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Mystery solved: Coma patient identified by New Journal as ‘quiet and reserved’ man

EXCLUSIVE: Neighbours in Queen's Crescent name man who had been unknown for a month after our appeal

26 January, 2018 — By William McLennan

Photos of the patient were released by the police

A  MYSTERY coma patient who has been lying unnamed in hospital for a month has been identified by the New Journal as a “reserved” and “reclusive” man who lived alone in Queen’s Crescent.

Police had appealed for help in tracking down the man’s family, but despite his image being widely circulated had been unable to put a name to a face in the four weeks since he was rushed into University College Hospital on Boxing day, having collapsed in the street.

The New Journal has spoken to four neighbours of the man, three of which have also been in contact with police this week. They each described a middle-aged man who had shunned attention and social interaction. It is understood that his name is Phil Hazlewood.

His image was published on the front of this newspaper yesterday, 30 days after he entered hospital, in the hope somebody could help.

Police believe they now know the man’s name, having been tipped off by a New Journal reader, but are awaiting forensic confirmation before formally identifying him. They have begun a desperate search to contact his next of kin, which has so far proved fruitless.

Thursday’s front page 

Tony Lawrence was on his way home last night when he saw his neighbour’s face in the paper when he popped into the nearby convenience store, Budget Beers.

He said: “He kept himself, to himself. You’d very rarely see him. I think the only time I spoke to him was the day I moved in.”

He recalled that he would avoid bustling Queen’s Crescent, opting for a quieter backstreet.
“You’d see him come and go sometimes, with a big laundry bag, but he always goes up and down the alley, never through the Crescent.”

One neighbour said that they had “jokingly called him the ghost, because you’d just never see him”. They said he spoke with a “London accent” and they believed he is in his 40s.

While he lay unnamed in hospital, questions were asked about how a man’s identity could not be known by a single soul in a connected city of nine million people. But his neighbours painted a picture of a someone who had sought out solitude.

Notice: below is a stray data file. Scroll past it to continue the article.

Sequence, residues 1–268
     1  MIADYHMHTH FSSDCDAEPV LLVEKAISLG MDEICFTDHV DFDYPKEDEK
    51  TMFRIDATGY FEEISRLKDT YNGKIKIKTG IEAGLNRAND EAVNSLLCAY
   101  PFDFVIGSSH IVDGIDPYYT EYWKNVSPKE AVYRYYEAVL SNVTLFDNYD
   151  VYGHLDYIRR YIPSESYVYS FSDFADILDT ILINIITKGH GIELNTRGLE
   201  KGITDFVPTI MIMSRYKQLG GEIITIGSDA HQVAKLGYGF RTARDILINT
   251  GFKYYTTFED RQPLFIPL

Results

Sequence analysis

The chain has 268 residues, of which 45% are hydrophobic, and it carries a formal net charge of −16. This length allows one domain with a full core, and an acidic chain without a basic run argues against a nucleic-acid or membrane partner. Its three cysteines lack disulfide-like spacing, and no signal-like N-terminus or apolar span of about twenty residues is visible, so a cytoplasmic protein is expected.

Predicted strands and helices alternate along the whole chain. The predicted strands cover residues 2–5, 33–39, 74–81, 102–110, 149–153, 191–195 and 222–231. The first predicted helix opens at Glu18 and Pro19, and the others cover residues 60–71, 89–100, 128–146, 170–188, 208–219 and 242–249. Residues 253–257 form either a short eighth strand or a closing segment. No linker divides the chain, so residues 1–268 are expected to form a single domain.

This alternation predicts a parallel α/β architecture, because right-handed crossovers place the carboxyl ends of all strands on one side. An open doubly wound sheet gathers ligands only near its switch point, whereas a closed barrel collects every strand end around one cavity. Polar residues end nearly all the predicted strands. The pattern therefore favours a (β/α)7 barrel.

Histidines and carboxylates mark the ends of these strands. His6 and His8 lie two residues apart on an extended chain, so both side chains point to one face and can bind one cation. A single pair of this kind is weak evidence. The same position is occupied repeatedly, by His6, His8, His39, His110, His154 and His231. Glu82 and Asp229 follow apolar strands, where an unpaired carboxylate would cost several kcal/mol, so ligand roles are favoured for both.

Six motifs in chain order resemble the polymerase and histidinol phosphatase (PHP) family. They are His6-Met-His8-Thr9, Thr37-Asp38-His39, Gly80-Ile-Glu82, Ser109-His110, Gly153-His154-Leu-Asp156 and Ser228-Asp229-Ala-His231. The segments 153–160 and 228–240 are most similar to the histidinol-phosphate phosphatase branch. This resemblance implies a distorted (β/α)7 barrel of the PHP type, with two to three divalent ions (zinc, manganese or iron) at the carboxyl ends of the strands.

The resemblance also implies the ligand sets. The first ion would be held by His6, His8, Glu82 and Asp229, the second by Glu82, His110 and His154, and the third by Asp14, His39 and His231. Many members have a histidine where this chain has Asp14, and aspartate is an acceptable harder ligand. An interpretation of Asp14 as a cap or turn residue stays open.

Sue Oakes, who lives opposite, said: “He was very reserved. He led a lonely life.I’d go months without seeing him. If someone came out the front he would back in and wait for them to pass.”

She said that far from being uncaring strangers, neighbours in the block of flats looked out for one another.

“I’d say hello to all my neighbours, except for poor old Phil. My neighbour checked he was ok just before Christmas, but he didn’t want to talk and brushed her away.”

She added: “That’s London. People get lost and lose themselves in London.”

It is not known how he came to be in Euston on Boxing Day and whether he was on his way to hospital, or if it was merely a coincide he was just metres away from medical staff when he fell ill.

Ms Oakes said: “Thank goodness he was outside the hospital, otherwise he could have died in his flat and we might not have known for weeks.”

CCTV has shown the man walking northwards along Tottenham Court Road when he “suddenly collapsed” at around 5.30pm on December 26, having suffered a massive heart attack.

He has remained at the hospital in Euston Road ever since, hooked up to a life-support machine in an induced coma. Doctors said he is in a serious, but stable condition.

Unlike most patients brought through the doors of the emergency room, he was carrying no ID, bank cards or any other formal documentation.

Police were called in to help and found several scraps of paper in his pocket, with what appeared to be a handwritten list of his monthly outgoings.

It contained some clues, but lacked vital details. Among those were his visits to a foodbank and a swimming pool, where he paid concession rates.

It is believed his clothes were secondhand, having been donated to charity. Police found a name tag inside a jumper and were able to trace the previous owner, who told them he had “donated them before leaving the country”.

Police at first believed may have been homeless, but it is now known this is not the case. Homeless outreach services and charities had been asked to review images of the man.

PC Andrew Harris, who is based at the hospital, had helped to publicise the case in the past weeks, in the hope the man’s family could be brought to his bedside. “I’ve certainly never encountered it in my time, that you would have someone who is almost a complete mystery,” he said.

Detective Constable Tom Boon, who led the investigation, said that they had been “contacted by numerous members of the public who thought they knew the male” and this week made a breakthrough.

It is understood they had to wade through many mistaken tip offs before receiving helpful information.

Detective Sergeant Angie Duffy, from Camden’s missing person unit, said: “The help of the media and the public in this matter has been invaluable in helping us to identify the male.

“We await forensic confirmation but once we have this, we will release further details in the hope of identifying the male’s next of kin.”

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